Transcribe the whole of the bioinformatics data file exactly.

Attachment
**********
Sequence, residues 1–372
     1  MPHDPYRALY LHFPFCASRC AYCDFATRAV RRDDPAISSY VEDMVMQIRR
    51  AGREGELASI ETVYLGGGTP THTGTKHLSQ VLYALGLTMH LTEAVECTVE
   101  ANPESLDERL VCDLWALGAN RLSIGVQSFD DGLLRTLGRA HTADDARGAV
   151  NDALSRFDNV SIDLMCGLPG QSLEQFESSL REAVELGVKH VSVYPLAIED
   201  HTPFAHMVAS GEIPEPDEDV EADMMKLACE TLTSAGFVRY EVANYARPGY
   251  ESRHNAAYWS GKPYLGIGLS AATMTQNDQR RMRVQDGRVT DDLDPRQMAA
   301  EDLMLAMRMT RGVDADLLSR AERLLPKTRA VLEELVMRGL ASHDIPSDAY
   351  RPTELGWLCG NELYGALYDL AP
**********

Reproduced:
Sequence, residues 1–372
     1  MPHDPYRALY LHFPFCASRC AYCDFATRAV RRDDPAISSY VEDMVMQIRR
    51  AGREGELASI ETVYLGGGTP THTGTKHLSQ VLYALGLTMH LTEAVECTVE
   101  ANPESLDERL VCDLWALGAN RLSIGVQSFD DGLLRTLGRA HTADDARGAV
   151  NDALSRFDNV SIDLMCGLPG QSLEQFESSL REAVELGVKH VSVYPLAIED
   201  HTPFAHMVAS GEIPEPDEDV EADMMKLACE TLTSAGFVRY EVANYARPGY
   251  ESRHNAAYWS GKPYLGIGLS AATMTQNDQR RMRVQDGRVT DDLDPRQMAA
   301  EDLMLAMRMT RGVDADLLSR AERLLPKTRA VLEELVMRGL ASHDIPSDAY
   351  RPTELGWLCG NELYGALYDL AP